Soul brothers: Antoine Dunn (and his brother; and me and mine)
Here’s a story I didn’t tell Antoine Dunn when I talked to him on the phone recently:
When I was about 8, there was a kid, Mike, who was a year older, living a few houses from mine, in Cleveland Heights. I already knew I wanted to be a musician and performer. He already knew that he wanted to be a disc jockey and announcer. His house had a screened-in first-floor back porch. He would be up there on the porch, playing Elvis Presley and Ricky Nelson records on his little portable turntable, and I’d be on the lawn just below, lip-synching the records and mimicking each singer’s movements. After every song, Mike would pick up a toy microphone and back-announce the record, and give other relevant information, like the typical AM DJs of the day. We did that all one summer.
Then, when I was about 21, I went to Columbus, Ohio, from New York City, to work on an act with a new singing partner. One day I was walking around The Ohio State University campus, and I ran into my childhood friend Mike. We talked for a few minutes, and then he asked me what I’d been doing. I said, “I just recorded my first album for Sire Records in New York. I’m waiting for it to come out. What have you been doing?” Mike said, “I’m in school here, and I’m a DJ on the OSU radio station and I’m an announcer on one of the TV stations in town.”
So, there you go.
I didn’t mention that to Antoine Dunn, but I flashed on it when he told me something about his youth, from when he was still living in Cleveland Heights: “I used to be down in the basement, and I’d finish writing a song,” he said. “I’d play it over a loudspeaker, and at the end I would turn the volume down, fade it out. And I’d talk over it, and say, ‘Ninety-three-point-one. That was Antoine Dunn with . . .' “
And now he hears his records on the radio for real—all around the country, when he’s touring, performing on bills with artists including some of his idols, like D’Angelo, and others.
Antoine, who now lives in Los Angeles, owns his own record company, Harvey Marie Records, which he named after his grandparents. His debut single, “Can’t Forget,” and the follow-up single/video, “Miss My Love,” both landed in the Top 20 on the Billboard chart. He produced his latest album, Everything, with Grammy Award-winning producer/engineer Scott Jacoby (who has also worked with John Legend, Jason Mraz, Coldplay). He was named the 2020 Artist of The Year and Vocalist of the Year in the R&B/Soul category of the Josie Music Awards, a national independent all-genre music awards program.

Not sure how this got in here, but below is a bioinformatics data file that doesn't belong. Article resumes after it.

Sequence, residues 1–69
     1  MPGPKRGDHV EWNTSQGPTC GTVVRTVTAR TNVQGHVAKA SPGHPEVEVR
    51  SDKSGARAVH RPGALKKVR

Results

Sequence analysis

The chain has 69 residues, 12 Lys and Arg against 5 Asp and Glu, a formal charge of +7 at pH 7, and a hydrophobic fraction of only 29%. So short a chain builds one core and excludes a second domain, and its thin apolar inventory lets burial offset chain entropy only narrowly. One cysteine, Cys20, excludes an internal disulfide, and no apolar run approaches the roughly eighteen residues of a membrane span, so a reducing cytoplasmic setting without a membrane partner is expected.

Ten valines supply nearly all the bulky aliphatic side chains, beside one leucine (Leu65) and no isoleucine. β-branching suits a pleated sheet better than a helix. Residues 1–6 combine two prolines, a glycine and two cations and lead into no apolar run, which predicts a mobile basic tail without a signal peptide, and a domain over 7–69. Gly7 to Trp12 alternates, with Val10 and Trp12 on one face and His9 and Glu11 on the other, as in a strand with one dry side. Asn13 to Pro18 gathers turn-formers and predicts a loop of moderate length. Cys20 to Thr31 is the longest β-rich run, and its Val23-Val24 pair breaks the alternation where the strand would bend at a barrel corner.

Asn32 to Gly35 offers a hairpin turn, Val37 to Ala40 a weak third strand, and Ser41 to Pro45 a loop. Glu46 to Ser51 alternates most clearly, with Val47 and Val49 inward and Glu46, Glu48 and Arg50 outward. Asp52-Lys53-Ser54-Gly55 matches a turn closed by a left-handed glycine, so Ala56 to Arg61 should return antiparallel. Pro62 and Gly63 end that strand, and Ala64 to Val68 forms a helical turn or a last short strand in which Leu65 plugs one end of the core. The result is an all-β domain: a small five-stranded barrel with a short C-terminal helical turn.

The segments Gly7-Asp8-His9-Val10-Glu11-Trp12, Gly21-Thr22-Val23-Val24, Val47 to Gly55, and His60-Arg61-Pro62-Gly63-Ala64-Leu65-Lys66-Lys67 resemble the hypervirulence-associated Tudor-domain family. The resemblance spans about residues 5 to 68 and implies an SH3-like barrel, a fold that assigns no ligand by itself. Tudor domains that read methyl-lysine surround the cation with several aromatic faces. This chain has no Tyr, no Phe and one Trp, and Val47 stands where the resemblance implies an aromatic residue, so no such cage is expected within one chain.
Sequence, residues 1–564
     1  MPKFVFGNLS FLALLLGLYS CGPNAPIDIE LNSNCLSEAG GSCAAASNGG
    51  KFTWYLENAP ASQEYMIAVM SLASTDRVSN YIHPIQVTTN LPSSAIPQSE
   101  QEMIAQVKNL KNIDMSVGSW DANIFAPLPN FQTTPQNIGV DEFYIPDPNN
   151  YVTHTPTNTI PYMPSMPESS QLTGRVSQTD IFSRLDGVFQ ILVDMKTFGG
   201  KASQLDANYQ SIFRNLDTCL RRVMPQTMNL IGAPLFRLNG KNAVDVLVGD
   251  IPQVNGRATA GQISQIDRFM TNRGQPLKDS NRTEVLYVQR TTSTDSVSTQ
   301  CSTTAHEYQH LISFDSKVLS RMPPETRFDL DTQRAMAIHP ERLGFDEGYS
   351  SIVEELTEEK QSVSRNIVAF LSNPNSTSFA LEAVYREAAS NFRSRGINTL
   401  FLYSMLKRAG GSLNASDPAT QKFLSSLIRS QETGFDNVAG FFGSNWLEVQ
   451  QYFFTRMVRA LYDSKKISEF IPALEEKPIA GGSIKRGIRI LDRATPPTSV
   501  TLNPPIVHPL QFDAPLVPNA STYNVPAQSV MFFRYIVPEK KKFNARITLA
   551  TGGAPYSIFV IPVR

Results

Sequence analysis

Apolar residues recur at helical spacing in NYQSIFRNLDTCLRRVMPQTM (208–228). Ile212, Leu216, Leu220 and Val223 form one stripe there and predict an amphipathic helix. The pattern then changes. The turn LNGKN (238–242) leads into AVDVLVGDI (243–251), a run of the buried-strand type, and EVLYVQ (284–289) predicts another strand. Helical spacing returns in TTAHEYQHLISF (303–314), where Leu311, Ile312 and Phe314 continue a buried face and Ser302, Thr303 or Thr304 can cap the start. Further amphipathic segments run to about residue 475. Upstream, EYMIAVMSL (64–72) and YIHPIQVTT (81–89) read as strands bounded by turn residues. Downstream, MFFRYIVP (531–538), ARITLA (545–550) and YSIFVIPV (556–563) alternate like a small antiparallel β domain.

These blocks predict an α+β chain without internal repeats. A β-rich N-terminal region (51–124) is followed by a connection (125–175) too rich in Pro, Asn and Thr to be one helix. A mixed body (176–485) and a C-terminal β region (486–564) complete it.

Antoine and I were about 50 years apart, as Heights High student musicians, and were working in vastly different musical styles, but we had similar dreams and drive. I’m old enough to be Antoine’s father. How do I know? Because he was in the Heights Choir with my daughter. I was in the Heights Choir. My brother Noah was in the Heights Choir. He was its student conductor. His third album of all-original songs should be out by the time you read this. I produced and arranged it.
Antoine’s brother, Adrian, was also in the Heights Choir. In fact, shortly before Adrian graduated, in 2003, I presented him with a Friends of Cain Park Excellence in the Arts Scholarship. We gave $1,000 awards to students who we thought showed the most promise in their artistic fields. Adrian Dunn is now a nationally known singer of classical and gospel music, and a composer and producer. Antoine, besides being a singer and composer of R&B songs, is also a producer, arranger and multi-instrumentalist.
Antoine’s music brings to mind—my mind, at least—the sounds of classic 1970s' soul, like that of the Chi-Lites, Stylistics, and others. “Oh—I listened to a lot of that growing up,” he told me. “My parents had this very extensive collection of vinyl records. I didn’t realize till I was older that I had been learning how to write and arrange music before I was aware of that. I’ve always had a young spirit, but an old soul.”
Besides being professional musicians, with brothers who are professional musicians, who were all in the Heights Choir, Antoine and I—and almost every songwriter—have something else in common. “I started falling in love with girls when I was younger, probably in middle school, and getting my little heart broken,” he told me. “That’s when I started writing songs.”
Some things never change.
You can hear Antoine Dunn in person, soon, when he performs at the House of Blues (308 Euclid Ave.) on Sunday, Sept. 4, at 7 p.m. Tickets, $30 to $40, are available at 216-523-2583 or www.harveymarierecords.com/tour.
David Budin is a freelance writer for national and local publications, the former editor of Cleveland Magazine and Northern Ohio Live, an author, and a professional musician and comedian. His writing focuses on the arts and, especially, pop-music history.